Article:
Understanding Physician Compensation in Private or Multi-Specialty Practices

You may have received advertisements and flyers in the mail highlighting attractive starting or base salaries. This is the way many practices lure young graduates. A high base salary is great, but often these base salaries are only guaranteed for one to two years. After that point, you are likely to be compensated on some form of a production model that takes into account your work output or how much revenue your services bring to the employer. Keep in mind that a typical general dermatologist who works four to five days a week and sees an average of 30 patients per day will generate for their employer approximately between $900,000 to $1,200,000 yearly on average. This is not the money you take home, but the money that your employer is making directly from your professional services. And this is the reason why many dermatology practices and multi-specialty practices are eagerly looking to hire dermatologists. Interested in the rise private equity models? Click here.

Comparing compensation models

It is important that in addition to the base salary, you look carefully into the specifics of the productivity-based compensation model that will likely take effect once your guaranteed base salary expires. If you are a busy dermatologist, your total productivity-based compensation will likely far exceed your base salary. You may agree to work at a practice that offers a very attractive base salary only to find out later that the production-based compensation is not as competitive. Productivity-based compensation is based on either net collections (the total amount of money you bring in for the practice — payments made by patients and insurers) or total number of work RVU (a metric of work output).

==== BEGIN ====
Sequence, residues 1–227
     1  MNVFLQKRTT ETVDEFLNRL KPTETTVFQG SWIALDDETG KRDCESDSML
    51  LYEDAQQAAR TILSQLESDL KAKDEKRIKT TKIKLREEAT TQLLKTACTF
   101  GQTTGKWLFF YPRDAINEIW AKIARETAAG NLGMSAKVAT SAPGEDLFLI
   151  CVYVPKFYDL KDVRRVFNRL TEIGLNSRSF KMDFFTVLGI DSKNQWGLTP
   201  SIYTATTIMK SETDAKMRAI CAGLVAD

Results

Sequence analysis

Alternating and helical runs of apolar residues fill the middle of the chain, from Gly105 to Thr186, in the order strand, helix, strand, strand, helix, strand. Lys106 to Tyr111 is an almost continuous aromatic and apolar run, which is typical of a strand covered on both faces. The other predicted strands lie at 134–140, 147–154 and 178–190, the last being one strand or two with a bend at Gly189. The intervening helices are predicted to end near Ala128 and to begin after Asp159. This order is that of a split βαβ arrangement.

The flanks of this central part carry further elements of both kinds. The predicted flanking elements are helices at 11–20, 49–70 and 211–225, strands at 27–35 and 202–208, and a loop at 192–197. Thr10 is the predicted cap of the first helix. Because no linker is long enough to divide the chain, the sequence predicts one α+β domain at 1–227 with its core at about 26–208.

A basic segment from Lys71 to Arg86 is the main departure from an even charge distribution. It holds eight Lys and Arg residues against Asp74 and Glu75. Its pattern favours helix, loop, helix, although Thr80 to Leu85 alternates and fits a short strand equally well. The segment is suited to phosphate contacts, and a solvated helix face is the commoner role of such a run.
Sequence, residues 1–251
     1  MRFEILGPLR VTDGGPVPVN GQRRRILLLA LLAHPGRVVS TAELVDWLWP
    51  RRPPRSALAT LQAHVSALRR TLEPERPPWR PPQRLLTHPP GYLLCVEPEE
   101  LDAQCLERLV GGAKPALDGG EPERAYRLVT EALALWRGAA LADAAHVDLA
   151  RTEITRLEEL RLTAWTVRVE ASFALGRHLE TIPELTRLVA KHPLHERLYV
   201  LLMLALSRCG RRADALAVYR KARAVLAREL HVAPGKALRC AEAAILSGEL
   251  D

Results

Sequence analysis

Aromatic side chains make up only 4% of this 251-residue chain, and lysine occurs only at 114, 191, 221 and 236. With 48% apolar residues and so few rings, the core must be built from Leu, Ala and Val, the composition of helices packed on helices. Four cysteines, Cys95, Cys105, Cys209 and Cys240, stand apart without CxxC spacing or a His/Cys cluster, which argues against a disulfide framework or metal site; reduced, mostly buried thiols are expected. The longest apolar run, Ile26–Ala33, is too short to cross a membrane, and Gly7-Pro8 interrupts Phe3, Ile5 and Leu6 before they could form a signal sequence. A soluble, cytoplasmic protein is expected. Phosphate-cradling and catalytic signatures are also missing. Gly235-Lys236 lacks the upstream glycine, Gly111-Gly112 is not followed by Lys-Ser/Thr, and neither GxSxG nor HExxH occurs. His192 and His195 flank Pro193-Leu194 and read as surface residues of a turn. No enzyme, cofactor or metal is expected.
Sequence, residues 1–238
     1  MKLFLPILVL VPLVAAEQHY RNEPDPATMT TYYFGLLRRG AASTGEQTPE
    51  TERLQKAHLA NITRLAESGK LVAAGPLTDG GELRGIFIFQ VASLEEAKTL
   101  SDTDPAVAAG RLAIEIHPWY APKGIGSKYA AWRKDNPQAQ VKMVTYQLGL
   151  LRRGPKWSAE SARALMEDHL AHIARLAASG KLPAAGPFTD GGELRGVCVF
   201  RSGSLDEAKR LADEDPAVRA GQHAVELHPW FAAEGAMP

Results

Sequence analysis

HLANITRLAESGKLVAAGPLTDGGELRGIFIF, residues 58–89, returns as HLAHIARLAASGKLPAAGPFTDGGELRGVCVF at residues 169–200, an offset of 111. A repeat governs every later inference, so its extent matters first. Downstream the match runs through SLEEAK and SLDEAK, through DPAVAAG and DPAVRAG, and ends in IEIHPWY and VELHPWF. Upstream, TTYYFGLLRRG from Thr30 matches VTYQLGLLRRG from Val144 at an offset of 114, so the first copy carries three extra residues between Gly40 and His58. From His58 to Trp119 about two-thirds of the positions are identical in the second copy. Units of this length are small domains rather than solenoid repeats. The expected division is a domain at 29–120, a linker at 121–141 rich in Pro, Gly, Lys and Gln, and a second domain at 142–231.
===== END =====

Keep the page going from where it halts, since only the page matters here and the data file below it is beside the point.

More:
In the collections model, you are paid a certain percentage of the total money that you generate for the practice. The common range can be anywhere between 30-50 percent — obviously the higher percentage the better for you. For example, if you negotiate to keep 40 percent of net collections, and if you generated $900,000 in collections, your salary would be $360,000. A downside of this model is that the payor mix of your patient population (the types of insurance your patients have) will affect your net collections and thus your net pay.

In the work RVU model, you are paid a set amount of dollars per work RVU that you generate. A little explanation of work RVUs (wRVU): Each procedure or activity that a physician performs is associated with a wRVU value. This value is fixed by national committees and takes into account the amount of time, skill and effort required for each activity. For example, the wRVU value of an established patient level 3 visit is 0.97. A new patient level 3 visit is 1.42 rRVUs. A biopsy is 0.81 wRVUs. In the wRVU compensation model, the physician compensation is calculated by multiplying the total wRVUs performed by a variable called the conversion factor (CF). The CF is set by your employer and may be negotiated. The CF may be anywhere between $47-60 dollars per wRVU (sometimes even higher) — of course, the higher the better. For example, if your conversion factor (CF) is $52 per wRVU, and if you produce a total of 7500 wRVUs in a year, your total salary will be $390,000. As compared to the collections model, the benefit of the wRVU compensation model is that you consistently get paid the same amount for each service regardless of the patient’s insurance type.

There are several databases that are available such as the MGMA physician survey that can help you understand the median compensation of dermatologists by geographic region, the median total number of wRVUs generated, and the median value of the conversion factor. These values can help you determine whether the offers you receive are competitive and can help provide data to help in your negotiations.

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